from the 'man-of-the-people'-lol dept
It's still very early in the Trump presidency, but so far, things aren't looking good. Overt and implicit threats to freedom of speech continue to linger in the air. Recent comments suggest Trump will look to roll back the few measures taken over the last few years to curb asset forfeiture abuse. Wording in one of President Trump's first presidential statements suggests the administration is going to value "law and order" over citizens' rights. Then there's the travel ban, which is being contested in federal courts.
We're now seeing a rollback of the few transparency and accountability objectives the supposed-Most Transparent President Ever managed to accomplish over eight years of generally making things worse on both fronts.
This follows Trump's secrecy during his presidential campaign, where he shrugged off over four decades of precedent by refusing to release his tax returns. He's made it clear on multiple occasions -- while standing in front of a memorial to dead CIA operatives and during his Black History Month speech -- that he does not trust the media. But the actions taken during the first few weeks of his presidency suggest he also does not trust the general public.
The White House comment line is shut down. New signatures aren’t being counted on petitions posted on the White House’s website. Federal agencies are not allowed to respond to requests.
Transcripts, executive orders and news releases aren’t being posted online. Social media accounts, including Flickr, Pinterest and Tumblr, are no longer in use. Sending information to the Federal Register, the daily journal of the U.S. government, is delayed.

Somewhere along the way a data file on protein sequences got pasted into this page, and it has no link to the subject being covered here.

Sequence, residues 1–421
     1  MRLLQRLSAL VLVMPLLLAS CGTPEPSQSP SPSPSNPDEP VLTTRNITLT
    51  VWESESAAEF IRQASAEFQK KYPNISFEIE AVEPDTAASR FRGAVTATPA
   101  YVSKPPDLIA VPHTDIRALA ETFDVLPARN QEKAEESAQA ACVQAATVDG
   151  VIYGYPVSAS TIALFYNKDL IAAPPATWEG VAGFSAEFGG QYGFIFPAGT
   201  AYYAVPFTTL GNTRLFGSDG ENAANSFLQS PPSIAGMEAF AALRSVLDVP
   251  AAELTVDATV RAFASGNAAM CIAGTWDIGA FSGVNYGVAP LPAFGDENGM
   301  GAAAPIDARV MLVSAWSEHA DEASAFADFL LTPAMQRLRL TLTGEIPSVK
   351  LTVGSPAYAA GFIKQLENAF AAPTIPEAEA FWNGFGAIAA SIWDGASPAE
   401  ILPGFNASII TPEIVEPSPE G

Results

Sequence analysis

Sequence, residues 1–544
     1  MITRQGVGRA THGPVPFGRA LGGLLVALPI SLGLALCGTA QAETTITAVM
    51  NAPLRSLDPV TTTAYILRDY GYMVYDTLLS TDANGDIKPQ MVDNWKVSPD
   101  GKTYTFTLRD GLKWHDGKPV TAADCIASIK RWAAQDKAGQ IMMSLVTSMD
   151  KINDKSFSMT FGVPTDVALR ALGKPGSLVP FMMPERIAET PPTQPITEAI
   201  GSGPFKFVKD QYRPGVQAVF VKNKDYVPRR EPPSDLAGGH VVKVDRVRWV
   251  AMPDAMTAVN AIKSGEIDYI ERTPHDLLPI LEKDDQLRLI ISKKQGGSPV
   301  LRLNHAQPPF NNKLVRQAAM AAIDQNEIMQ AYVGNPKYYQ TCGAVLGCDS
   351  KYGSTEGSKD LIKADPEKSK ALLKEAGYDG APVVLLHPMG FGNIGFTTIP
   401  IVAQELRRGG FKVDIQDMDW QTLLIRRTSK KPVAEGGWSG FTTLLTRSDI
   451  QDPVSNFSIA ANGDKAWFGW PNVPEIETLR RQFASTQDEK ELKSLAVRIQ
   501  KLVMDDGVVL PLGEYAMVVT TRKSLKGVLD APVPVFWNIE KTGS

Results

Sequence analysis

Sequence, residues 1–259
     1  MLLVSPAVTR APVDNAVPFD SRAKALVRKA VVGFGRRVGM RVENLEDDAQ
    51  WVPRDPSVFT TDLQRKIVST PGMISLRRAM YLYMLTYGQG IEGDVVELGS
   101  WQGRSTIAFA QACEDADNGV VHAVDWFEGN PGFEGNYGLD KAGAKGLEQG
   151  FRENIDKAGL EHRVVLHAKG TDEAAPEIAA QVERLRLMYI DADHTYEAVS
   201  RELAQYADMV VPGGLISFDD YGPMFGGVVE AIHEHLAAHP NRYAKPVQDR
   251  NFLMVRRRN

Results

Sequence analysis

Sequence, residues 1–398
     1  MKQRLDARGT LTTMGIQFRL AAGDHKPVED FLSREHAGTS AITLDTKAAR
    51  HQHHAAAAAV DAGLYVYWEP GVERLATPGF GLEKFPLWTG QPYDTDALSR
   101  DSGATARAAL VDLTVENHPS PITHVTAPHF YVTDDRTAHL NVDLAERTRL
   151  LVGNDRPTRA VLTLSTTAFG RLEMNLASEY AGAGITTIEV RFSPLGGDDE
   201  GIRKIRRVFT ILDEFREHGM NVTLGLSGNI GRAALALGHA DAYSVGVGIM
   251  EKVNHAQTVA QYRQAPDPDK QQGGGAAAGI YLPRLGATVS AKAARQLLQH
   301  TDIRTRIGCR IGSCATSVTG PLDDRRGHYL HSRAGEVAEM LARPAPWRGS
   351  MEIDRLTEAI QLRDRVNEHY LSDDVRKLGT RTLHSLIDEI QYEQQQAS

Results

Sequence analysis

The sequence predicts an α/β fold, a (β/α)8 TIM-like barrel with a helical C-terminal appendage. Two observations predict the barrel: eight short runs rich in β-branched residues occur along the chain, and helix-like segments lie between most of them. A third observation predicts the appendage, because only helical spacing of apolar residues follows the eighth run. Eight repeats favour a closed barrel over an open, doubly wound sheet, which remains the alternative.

Steve Bannon, Trump's top advisor, has a permanent seat at the National Security Council and seems to be eliminating any paper trail that may result from those meetings. Several agencies have been muzzled by the administration, which has informed them that everything -- including press releases, blog posts, and social media interactions -- will be "centrally-managed" and run through the White House's "digital strategist." The "We the People" petition page lives on, but no one in the administration has given any indication whether the White House will actually be responding to these petitions.
These actions appear to be a concerted effort to run a top-down White House -- one that will determine the stance of every federal agency to ensure they stay on message. While some coherence is preferable to multiple opposing viewpoints on issues of public concern, the removal of the public from the equation is distressing.
As the McClatchy article points out, it's not just social media accounts and federal register postings that have been affected. It's also the few "direct" lines of communication the public has with the administration.
Cottmeyer, a self-described moderate Republican who has called the comment line for more than a decade, wants to speak to someone at the White House about Trump’s decision to pull out of the massive Trans-Pacific Partnership trade agreement, which she thinks will hurt her state’s economy.
But when she calls 202-456-1111 she gets a recording: “Thank you for calling the White House comments line. The comment line is currently closed. But your comment is important to the president.” It then refers her to www.whitehouse.gov/contact – or Facebook, where the White House is accepting comments on its posts, but not messages.
While some of this may smooth out as the administration becomes more comfortable with the inner workings of the White House, these early steps don't do much to indicate better, more transparent/accountable days are ahead. If anything, they give the impression that the White House isn't going to act as the public's servant, but rather a podium from which orders and directives are issued. Questions and comments are not only discouraged, but they appear to be considered completely irrelevant to the political process.